Wall Street fell on Tuesday as investors took gains off the table after a recent rally and ahead of an upcoming quarterly reporting season that is expected to reveal sharply lower earnings.
Following a 13-percent surge over the past seven weeks, the S&P 500 declined 0.78 percent, with all 10 sectors down and a sharp drop in pharmaceutical company Allergan.
"In front of earnings season you have people pulling back a little bit and trying to consolidate what they have," said Peter Jankovskis, co-chief investment officer at OakBrook Investments LLC in Lisle, Illinois.
As S&P 500 companies hand in their first-quarter reports over the next several weeks, average earnings are expected to fall 7.1 percent from the year-ago period, with the energy sector weighing most heavily, according to Thomson Reuters data.
Reflecting concerns on Wall Street, International Monetary Fund Managing Director Christine Lagarde on Tuesday warned of increasing risks to global economic growth unless policymakers take stronger measures.
Lagarde's comments come a week after Fed Chair Janet Yellen urged caution on rate hikes, citing a shaky global economy and low oil prices.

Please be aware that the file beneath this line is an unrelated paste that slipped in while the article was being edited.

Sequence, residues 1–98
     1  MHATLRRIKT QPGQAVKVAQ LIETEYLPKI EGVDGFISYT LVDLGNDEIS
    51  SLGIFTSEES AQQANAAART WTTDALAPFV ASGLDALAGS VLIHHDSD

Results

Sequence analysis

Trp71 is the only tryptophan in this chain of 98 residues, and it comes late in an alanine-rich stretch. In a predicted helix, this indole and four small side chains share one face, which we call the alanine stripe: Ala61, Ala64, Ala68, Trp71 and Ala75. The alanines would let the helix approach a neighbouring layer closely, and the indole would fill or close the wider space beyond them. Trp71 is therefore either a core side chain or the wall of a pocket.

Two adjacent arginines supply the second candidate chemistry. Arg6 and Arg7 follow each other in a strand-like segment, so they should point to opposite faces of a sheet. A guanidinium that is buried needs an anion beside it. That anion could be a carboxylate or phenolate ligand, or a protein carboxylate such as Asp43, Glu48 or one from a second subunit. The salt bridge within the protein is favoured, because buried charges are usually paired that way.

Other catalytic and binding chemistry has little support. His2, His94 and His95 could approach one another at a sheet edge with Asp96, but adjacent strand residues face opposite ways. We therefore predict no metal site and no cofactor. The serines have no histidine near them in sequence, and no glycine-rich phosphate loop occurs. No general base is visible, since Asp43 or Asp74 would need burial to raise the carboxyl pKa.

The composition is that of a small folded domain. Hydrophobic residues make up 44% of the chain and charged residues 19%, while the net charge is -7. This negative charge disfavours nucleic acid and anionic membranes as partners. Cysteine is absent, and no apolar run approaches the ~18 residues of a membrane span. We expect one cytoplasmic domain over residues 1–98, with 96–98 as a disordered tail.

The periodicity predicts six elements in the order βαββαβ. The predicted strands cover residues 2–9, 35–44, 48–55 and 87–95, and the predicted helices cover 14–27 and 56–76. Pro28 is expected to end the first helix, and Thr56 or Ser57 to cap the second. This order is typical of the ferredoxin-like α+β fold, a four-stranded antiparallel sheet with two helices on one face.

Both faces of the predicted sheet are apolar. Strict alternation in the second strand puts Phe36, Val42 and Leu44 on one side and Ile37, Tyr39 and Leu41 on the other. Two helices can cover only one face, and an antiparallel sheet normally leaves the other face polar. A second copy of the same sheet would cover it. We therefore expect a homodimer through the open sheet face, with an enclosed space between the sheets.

Oil steadied near one-month lows after Kuwait said an output freeze by top producers would proceed without Iran. [O/R]
Data on Tuesday showed the U.S. trade deficit widened more than expected in February, while another report showed services sector activity rose in March.
The Nasdaq Composite .IXIC dropped 0.7 percent to 4,857.42.
Among the 10 major S&P sectors, the interest rate-sensitive utilities sector .SPLRCU fell the most, down 1.71 percent.
The S&P financials sector .SPSY dropped 1.14 percent, led by Wells Fargo (WFC.N), while Goldman Sachs (GS.N) was the biggest drag on the Dow.
Allergan (AGN.N) shares fell 15 percent after the U.S. Treasury unveiled rules to curb tax inversion deals, potentially derailing the drugmaker's merger with Pfizer (PFE.N). Pfizer climbed 2 percent.
Allergan was the biggest negative influence on the S&P 500.
Declining issues outnumbered advancing ones on the NYSE by 1,992 to 967. On the Nasdaq, 1,785 issues fell and 964 rose.
The S&P 500 index showed 14 new 52-week highs and two lows, while the Nasdaq recorded 19 new highs and 32 lows.
(Additional reporting by Yashaswini Swamynathan and Abhiram Nandakumar in Bengaluru; Editing by Chizu Nomiyama)
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